The 1960 decade was a time when the Aborigines protested racism. In 1965 in Sydney, Charles Perkins, who was the first among the aborigines to acquire university education, joined hands with other students and activists in the “Freedom Rides” in an aim to increase public awareness on racial intolerance in Australia. In this case, their intentions were exposing racial segregation and shaming the Australia’s treatment of Aboriginal people. They used non-violent protest in the form of literature as employed by African American civil rights organizations (McGregor, 1993). The “Freedom Ride” bus traveled from Sydney University campus by African Americans voices singing a protest song “We Shall Overcome.”

The conference led to the reconstitution of the Aborigines Protection Act of 1940 that established the Aborigines Protection Board. The board had duties in applying and distributing relief money for the benefits of Aboriginal people, assisting in getting employment, maintaining those in employment, supporting the Aborigines to be assimilated into the current way of life, distributing blankets and clothing to the Aborigines. The board had an obligation to protect the Aboriginal people against social injustices, maintaining indigenous children and inspecting the institutions of learning and training regularly (Paisley, 2010).

In conclusion, the paper establishes the grief and losses that the Aboriginal people faced before deciding to act against the segregation policies by the ruling Government. Trauma and grief were the most concerning issues. They were both related to the loss history, traumatization, and due to current losses resulting from high mortality rates. The traumatic injury caused mental health problems among the aboriginal people. This led to the emergence of activism groups starting with the petition presented to the ruling British Monarch by William Cooper in 1937. The petition was however declined by the federal Cabinet, and thus it was not submitted to the King. This was followed by the conference during the Day of Mourning in the year 1938 whereby the Aborigines delegates presented their grievances and among them were accredited full citizenship and to be represented in the parliament. As a result, the representatives could submit their objections to the Prime Minister. This would later lead to a referendum in 1967, in which the Aboriginal people were included in the National Census and were given full rights as Australia’s indigenous people.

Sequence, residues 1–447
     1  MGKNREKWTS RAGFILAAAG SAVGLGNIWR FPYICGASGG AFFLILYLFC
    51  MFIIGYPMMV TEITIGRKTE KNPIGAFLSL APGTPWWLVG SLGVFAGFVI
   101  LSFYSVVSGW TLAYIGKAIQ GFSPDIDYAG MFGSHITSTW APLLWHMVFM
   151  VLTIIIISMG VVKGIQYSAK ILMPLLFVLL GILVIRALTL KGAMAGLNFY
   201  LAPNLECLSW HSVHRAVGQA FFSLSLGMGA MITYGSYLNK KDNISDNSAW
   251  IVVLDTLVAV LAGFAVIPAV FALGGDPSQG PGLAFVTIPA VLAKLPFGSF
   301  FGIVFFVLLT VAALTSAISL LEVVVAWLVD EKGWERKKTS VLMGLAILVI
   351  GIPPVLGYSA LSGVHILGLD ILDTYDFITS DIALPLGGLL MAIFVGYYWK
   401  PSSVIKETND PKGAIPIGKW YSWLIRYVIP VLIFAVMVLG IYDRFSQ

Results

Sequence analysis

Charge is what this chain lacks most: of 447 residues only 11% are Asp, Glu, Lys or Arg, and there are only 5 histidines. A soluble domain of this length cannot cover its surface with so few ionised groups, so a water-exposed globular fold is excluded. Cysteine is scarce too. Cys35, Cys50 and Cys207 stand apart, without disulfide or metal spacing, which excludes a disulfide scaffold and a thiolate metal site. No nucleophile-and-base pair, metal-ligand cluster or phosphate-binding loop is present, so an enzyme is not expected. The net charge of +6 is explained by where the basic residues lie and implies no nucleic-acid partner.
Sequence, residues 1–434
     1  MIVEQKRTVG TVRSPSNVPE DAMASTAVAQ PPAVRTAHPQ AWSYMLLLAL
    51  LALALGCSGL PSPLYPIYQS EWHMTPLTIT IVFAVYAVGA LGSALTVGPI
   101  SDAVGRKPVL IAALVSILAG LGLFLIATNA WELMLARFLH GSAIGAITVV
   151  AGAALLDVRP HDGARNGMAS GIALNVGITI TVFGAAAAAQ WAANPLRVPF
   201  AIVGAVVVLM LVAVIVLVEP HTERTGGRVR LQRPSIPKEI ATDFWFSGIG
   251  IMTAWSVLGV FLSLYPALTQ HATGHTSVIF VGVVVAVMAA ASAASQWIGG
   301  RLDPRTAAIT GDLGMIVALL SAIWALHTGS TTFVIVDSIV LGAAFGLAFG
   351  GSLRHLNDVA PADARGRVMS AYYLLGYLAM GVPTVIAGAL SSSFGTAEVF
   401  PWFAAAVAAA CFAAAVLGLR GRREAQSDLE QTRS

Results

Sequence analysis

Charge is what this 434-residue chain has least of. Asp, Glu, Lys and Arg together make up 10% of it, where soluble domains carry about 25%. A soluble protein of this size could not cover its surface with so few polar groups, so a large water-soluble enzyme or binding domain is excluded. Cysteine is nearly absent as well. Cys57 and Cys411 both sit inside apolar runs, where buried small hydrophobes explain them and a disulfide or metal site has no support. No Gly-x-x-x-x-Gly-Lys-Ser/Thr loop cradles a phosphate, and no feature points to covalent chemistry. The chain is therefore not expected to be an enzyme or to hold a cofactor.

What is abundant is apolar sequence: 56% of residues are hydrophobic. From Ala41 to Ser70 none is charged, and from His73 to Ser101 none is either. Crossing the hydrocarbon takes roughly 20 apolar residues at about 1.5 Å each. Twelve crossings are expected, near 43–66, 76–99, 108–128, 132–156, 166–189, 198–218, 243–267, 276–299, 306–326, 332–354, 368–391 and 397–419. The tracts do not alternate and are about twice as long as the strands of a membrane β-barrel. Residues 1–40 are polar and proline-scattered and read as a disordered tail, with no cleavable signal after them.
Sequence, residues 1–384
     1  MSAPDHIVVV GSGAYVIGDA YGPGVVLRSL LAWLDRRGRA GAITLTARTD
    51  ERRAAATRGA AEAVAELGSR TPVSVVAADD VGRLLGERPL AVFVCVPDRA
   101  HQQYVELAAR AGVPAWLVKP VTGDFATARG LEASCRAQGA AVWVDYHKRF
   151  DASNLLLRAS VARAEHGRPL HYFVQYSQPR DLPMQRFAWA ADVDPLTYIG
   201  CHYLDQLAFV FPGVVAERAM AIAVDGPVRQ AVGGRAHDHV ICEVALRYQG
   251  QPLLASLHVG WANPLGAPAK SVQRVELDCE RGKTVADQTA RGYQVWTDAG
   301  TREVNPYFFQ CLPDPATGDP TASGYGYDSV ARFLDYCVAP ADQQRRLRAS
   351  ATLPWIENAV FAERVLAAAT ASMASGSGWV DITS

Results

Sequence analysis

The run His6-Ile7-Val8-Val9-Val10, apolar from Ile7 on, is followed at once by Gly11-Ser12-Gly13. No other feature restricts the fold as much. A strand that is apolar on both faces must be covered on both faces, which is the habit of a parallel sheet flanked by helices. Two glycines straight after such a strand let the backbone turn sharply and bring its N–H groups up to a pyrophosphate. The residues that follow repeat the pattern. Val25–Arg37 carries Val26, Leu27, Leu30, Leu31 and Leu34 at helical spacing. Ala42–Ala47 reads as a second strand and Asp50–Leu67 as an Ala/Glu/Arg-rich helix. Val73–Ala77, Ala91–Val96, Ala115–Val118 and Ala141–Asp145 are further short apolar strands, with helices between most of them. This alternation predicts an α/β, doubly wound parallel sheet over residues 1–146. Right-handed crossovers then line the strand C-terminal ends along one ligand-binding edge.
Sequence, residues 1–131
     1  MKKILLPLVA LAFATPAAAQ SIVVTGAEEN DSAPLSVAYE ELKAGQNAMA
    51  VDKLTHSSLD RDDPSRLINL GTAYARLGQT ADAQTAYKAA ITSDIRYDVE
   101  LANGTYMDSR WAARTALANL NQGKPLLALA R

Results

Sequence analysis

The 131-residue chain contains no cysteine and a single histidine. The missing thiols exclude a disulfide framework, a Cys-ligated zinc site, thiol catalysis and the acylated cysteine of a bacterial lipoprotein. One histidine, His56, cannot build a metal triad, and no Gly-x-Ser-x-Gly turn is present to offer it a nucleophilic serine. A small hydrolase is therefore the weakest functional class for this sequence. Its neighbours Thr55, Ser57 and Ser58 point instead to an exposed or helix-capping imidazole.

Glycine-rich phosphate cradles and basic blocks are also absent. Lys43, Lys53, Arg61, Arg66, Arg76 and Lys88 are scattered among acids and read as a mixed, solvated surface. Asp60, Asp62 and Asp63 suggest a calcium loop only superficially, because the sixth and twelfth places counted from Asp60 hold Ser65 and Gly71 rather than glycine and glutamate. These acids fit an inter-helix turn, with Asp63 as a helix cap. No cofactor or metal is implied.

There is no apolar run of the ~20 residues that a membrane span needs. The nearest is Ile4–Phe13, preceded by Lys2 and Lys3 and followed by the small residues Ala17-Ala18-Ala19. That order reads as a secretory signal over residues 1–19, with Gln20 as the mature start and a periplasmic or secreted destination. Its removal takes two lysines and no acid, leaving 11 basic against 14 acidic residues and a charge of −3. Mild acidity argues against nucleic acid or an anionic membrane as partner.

Reference List

Attwood, B. and Markus, A., 1998. Representation matters: the 1967 Referendum and

citizenship. Citizenship and indigenous Australians: changing conceptions and

possibilities, pp.118-40.

Attwood, B. and Markus, A., 1999. The struggle for Aboriginal rights: a documentary history.

Allen & Unwin.

Clark, J., 2008. Aborigines & Activism: Race, aborigines & the coming of the sixties to

Australia. Pearson Deutschland GmbH.

McGregor, R., 1993. Protest and progress: Aboriginal activism in the 1930s 1. Australian

Historical Studies, 25(101), pp.555-568.

Paisley, F., 2010. Resistance in Exile: Anthony Martin Fernando, Australian Aboriginal Activist,

Internationalist, and Traveller in Europe. Transnational Lives: Biography of Global

Modernity, 1700–Present, pp.183-94.

Peterson, N. and Sanders, W., 1998. Citizenship and indigenous Australians: changing

conceptions and possibilities. Cambridge University Press.